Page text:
Consulting affected employees

The customer and outsourcing provider will be obliged to inform and consult employee representatives of affected employees. Both parties are liable here.

If this duty is not complied with it could result in a complaint by an affected employee or appropriate representative to an employment tribunal (although this would have to be made within three months of the transfer).

The complaint can be made against the customer, the outsourcing provider or both, and if the complaint is upheld, the employment tribunal can make a protective award of up to 13 weeks' full pay per employee.

Some areas where the New Tupe Regulations will not apply include:

  • The supply of goods and the "one-off buying in of services"
  • Where an outsourcing provider removes key staff from a contract prior to it being transferred back to the customer or a replacement outsourcing provider.

Employees of both the customer and the outsourcing provider are likely to welcome the New Tupe Regulations. Increased transparency will mean that transferring and affected employees are likely to find out more and be consulted about the outsourcing and how it will affect them.

The New Tupe Regulations will also need to be read alongside the Pensions Act 2004 and the Transfer of Employment (Pensions Protection) Regulations 2005 in terms of the pension provision that a transferring employee can expect the outsourcing provider to make.

IT outsourcing is often driven by businesses trying to reduce costs, improve efficiency, obtain better value for money and improve standards. However, this will now have to be balanced against the costs of having to comply with the New Tupe Regulations, as well as other existing laws relating to items such as data protection, tax, pensions and regulatory matters.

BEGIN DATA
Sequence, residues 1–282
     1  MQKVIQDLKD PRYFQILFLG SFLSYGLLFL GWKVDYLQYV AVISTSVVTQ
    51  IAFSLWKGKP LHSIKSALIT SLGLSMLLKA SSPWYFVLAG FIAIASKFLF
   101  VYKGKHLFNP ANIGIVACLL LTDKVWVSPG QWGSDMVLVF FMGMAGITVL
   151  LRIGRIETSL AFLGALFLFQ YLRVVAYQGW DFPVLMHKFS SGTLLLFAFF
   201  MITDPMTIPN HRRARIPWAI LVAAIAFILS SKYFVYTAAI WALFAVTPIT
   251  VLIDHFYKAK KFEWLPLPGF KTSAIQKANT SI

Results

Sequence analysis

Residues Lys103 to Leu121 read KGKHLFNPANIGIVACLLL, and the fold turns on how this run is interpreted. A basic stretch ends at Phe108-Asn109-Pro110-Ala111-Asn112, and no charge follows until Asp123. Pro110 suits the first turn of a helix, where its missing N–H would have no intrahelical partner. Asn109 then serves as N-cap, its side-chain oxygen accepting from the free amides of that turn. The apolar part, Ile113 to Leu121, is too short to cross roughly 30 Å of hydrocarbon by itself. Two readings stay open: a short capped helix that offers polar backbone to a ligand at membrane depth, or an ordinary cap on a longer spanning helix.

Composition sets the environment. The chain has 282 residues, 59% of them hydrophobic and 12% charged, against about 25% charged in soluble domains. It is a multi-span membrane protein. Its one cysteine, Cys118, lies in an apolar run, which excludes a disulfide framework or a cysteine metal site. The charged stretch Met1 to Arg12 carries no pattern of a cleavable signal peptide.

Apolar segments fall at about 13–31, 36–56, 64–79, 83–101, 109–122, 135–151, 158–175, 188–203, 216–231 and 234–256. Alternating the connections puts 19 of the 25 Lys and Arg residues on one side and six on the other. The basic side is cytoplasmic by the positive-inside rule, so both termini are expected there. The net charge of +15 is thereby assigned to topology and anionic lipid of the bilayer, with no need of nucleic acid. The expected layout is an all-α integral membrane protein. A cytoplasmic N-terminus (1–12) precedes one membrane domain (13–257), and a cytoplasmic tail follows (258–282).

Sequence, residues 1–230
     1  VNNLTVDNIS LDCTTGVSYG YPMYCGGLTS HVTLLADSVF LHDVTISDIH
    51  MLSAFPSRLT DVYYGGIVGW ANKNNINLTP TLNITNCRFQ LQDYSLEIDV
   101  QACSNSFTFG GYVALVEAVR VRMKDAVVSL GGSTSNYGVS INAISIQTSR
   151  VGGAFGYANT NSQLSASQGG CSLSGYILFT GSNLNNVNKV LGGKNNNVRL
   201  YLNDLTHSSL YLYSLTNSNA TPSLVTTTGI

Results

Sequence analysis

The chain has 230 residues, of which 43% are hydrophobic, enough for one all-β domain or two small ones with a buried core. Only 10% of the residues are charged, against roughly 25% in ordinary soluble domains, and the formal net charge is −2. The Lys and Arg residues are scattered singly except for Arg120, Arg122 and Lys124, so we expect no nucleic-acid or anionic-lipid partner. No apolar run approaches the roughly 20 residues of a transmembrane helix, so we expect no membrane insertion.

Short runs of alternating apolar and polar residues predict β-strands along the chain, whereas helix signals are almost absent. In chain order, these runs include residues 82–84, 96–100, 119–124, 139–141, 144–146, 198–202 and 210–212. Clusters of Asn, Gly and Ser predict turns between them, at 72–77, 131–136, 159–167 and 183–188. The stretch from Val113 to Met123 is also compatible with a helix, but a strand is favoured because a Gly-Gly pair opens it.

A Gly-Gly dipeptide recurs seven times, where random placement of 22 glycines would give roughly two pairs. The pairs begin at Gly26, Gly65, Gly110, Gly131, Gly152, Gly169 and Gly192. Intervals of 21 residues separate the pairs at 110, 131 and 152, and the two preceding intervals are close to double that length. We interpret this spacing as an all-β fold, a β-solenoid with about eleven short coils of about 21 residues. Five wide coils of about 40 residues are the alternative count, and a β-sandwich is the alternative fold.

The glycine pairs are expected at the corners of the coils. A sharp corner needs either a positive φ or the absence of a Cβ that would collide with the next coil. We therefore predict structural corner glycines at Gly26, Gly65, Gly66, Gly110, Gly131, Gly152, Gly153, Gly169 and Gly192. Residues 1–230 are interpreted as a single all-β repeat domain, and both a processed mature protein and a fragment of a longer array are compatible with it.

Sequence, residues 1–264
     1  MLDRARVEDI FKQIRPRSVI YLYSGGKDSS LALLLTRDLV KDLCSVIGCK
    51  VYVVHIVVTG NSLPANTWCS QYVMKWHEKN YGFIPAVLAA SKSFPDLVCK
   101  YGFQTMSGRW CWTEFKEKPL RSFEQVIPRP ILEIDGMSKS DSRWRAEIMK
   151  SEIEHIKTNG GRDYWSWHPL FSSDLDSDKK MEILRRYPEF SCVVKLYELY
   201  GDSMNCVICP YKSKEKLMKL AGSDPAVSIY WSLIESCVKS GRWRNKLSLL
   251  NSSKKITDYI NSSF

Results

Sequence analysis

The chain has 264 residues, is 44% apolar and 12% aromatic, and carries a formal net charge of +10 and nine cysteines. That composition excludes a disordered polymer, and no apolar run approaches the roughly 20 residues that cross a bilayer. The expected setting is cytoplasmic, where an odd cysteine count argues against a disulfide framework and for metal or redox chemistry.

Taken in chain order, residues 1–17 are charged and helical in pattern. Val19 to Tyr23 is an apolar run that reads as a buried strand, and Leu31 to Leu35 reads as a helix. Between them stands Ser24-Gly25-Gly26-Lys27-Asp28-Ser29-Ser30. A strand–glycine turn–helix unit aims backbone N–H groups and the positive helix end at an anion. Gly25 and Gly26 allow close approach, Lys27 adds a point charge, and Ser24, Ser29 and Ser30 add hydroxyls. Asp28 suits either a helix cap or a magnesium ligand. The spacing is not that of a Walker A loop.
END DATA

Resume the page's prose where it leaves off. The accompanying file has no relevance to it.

It is essential for companies that are thinking of entering into, are already in, or are coming out of an IT outsourcing deal to seek advice on the New Tupe Regulations.

This is because there are many legal and practical ways to eliminate or reduce customer employment liabilities, including amending the outsourcing contract and redeploying or reaching compromises with employees.

Jimmy Desai is a partner in the IT and outsourcing group at law firm Tarlo Lyons

Some likely effects of the new Tupe regulations

  • Some customer business cases for IT outsourcing not fully taking into account employee issues at the start of, during and at the end of an IT outsourcing deal, particularly if the customer decides to appoint a replacement outsourcing provider at the end of the existing deal
  • Delays due to employee consultation and customers locating, compiling and providing employee liability information to the outsourcing provider (with the relevant knock-on effects such as deals not commencing when scheduled at the end of existing contracts or upon the designated start date)
  • Increases in the overall deal set-up cost
  • Possible adverse public relations due to breaches of the New Tupe Regulations - for example, employees making claims at employment tribunals
  • Imposition of terms and conditions upon the customer by a replacement outsourcing provider in respect of compliance by the customer and original outsourcing provider with the New Tupe Regulations
  • Customers not being aware of all of their obligations under the New Tupe Regulations and walking into unexpected employment liabilities